All You Smart Kids: Forget Today’s Yield – 2.5% at US Bancorp – and Focus on Dividend Growth
Like those of other major bank holding companies, US Bancorp (USB) shares used to be a favorite of conservative dividend investors. The Minneapolis super-regional raised its dividend annually for over three decades, until the financial sector’s meltdown broke the string.
US Bancorp’s payout ratio is coming back, thanks in part to a 56% dividend increase that kicked in earlier this year after the company (along with most other big banks) cleared a regulatory “stress test” and got federal permission to boost the amount of cash it sends back to stockholders. While the chart below measures payout over the latest twelve months, the nation’s fifth largest bank by assets actually paid out 29% of earnings in dividends in the first quarter.
US Bancorp officials say the $341 billion asset company wants to “resume normal capital management,” and they’re targeting a return of 30% to 40% of earnings in the form of dividends in the future (with another 30%-40% for stock buybacks). For income investors, the question then becomes how much better the company’s earnings can get. US Bancorp rode out the recession with less pain than many other lenders, and its shares have performed well over the past year, particularly in comparison with industry laggards Citigroup (C) and Fifth Third (FITB).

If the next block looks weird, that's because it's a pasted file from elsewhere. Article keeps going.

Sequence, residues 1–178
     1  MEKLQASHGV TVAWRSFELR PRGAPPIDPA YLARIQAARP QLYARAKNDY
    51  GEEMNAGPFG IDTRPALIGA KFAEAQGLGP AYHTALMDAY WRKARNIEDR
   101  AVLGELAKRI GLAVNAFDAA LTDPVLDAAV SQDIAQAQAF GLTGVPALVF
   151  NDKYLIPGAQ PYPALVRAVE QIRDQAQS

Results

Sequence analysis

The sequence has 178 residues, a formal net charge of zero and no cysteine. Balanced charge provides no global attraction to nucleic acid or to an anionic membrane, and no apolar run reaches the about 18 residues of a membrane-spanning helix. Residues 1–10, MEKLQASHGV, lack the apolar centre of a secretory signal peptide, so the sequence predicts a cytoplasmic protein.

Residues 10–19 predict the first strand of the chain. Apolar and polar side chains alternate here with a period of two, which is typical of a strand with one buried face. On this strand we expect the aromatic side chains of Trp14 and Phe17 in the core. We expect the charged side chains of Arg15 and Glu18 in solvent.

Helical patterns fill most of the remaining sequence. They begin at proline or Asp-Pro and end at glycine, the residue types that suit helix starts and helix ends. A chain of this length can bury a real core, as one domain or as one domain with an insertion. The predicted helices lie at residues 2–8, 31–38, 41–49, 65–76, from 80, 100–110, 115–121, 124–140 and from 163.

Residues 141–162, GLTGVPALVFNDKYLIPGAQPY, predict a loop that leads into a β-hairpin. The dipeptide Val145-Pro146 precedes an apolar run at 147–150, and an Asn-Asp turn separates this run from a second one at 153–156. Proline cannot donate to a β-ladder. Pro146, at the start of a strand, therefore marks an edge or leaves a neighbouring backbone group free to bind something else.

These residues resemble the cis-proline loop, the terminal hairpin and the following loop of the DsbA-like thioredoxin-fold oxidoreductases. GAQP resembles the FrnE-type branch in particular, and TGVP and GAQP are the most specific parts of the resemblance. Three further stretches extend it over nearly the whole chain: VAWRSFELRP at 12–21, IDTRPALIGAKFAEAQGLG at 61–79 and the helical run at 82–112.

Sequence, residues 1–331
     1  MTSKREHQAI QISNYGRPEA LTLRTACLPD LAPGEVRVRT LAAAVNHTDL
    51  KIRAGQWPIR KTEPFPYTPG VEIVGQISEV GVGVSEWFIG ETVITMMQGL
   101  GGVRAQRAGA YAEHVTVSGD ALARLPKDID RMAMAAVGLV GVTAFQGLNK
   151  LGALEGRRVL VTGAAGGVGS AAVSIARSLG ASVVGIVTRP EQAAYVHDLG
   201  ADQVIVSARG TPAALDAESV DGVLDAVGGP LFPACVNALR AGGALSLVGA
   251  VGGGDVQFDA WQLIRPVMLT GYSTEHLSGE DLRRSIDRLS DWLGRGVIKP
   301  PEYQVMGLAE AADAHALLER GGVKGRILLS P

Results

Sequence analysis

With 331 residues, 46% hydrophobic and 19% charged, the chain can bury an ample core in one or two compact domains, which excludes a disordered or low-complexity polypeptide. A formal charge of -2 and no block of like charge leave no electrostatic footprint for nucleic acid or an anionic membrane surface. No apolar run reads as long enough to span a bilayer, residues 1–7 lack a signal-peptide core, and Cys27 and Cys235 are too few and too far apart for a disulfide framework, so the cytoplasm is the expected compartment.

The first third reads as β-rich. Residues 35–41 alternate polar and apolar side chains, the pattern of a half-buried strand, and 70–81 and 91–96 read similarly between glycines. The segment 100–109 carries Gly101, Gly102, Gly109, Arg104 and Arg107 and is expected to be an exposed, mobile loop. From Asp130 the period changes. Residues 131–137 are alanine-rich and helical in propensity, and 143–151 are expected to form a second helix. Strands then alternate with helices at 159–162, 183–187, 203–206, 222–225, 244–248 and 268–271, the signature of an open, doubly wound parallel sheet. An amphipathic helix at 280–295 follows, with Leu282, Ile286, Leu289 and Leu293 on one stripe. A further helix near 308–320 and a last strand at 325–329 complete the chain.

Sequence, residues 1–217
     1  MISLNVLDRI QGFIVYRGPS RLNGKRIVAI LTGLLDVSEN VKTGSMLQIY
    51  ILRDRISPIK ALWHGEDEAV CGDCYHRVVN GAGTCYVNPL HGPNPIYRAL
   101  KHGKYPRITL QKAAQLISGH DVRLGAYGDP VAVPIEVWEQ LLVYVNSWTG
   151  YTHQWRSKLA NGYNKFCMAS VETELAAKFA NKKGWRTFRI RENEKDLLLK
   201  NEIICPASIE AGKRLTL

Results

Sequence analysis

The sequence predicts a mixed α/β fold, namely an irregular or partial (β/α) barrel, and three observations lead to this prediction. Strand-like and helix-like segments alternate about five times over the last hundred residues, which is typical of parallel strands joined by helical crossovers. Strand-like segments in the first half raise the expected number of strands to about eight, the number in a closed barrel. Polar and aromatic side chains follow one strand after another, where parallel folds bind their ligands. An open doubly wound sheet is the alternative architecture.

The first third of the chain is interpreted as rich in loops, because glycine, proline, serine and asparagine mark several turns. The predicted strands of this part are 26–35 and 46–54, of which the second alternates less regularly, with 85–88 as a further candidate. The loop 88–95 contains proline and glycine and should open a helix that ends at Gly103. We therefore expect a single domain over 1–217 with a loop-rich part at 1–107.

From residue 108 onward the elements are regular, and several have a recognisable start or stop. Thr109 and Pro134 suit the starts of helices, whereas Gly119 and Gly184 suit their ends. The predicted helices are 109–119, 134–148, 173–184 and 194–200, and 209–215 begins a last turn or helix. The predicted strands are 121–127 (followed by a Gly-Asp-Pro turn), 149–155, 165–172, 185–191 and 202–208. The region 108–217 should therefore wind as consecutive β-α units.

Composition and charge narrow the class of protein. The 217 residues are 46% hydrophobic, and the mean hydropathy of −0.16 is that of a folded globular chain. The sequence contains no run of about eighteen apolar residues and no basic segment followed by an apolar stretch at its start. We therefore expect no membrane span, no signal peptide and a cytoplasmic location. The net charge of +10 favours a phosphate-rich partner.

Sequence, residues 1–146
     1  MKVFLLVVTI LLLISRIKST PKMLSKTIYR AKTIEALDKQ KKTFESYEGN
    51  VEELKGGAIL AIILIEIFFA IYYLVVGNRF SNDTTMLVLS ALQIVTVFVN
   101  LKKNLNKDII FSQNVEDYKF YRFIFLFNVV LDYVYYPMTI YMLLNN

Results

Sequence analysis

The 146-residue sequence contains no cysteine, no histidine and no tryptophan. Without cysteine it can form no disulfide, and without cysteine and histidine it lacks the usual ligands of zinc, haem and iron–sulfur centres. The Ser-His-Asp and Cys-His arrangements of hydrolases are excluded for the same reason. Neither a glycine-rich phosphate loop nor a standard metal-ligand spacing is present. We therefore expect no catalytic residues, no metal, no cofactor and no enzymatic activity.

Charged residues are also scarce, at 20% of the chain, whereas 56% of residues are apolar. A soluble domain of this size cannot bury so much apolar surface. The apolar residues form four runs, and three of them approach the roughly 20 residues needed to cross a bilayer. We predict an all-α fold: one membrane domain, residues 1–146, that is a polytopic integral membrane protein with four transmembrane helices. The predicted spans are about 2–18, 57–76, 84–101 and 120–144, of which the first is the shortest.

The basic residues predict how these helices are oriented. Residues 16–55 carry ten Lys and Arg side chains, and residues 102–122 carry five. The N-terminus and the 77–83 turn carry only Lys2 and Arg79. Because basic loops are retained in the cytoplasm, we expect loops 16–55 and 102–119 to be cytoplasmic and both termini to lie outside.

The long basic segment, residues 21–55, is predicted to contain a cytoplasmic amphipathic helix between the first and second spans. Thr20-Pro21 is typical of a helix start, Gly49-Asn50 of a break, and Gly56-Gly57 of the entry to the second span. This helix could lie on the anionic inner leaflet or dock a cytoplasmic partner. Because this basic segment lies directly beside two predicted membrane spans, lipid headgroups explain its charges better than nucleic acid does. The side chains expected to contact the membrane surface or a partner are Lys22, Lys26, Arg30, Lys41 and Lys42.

Earnings re up and margins are wider at U.S. Bancorp. But the stock’s earlier run-up has stalled in the last couple months, as investors grow uneasy about the economy. An opportunity for dividend-minded investors?
US Bancorp has a solid, diverse franchise and is among the industry’s more profitable performers as measured by return on assets.
For all those reasons, the company’s dividend yield seems likely to return, eventually, to something approximating its pre-crisis level. For investors willing to wait, the shares may be worth a look – particularly since the stock has slipped back.
With interest rates discouragingly low, investor interest in dividend stocks has surged. Whenever we yield junkies buy a security for its dividend stream, we’re naturally acquiring the more volatile underlying stock as well. So before committing to any stock, it’s important to check out a company’s fundamentals, and to read its 10-K report.
Filed under: Company Analysis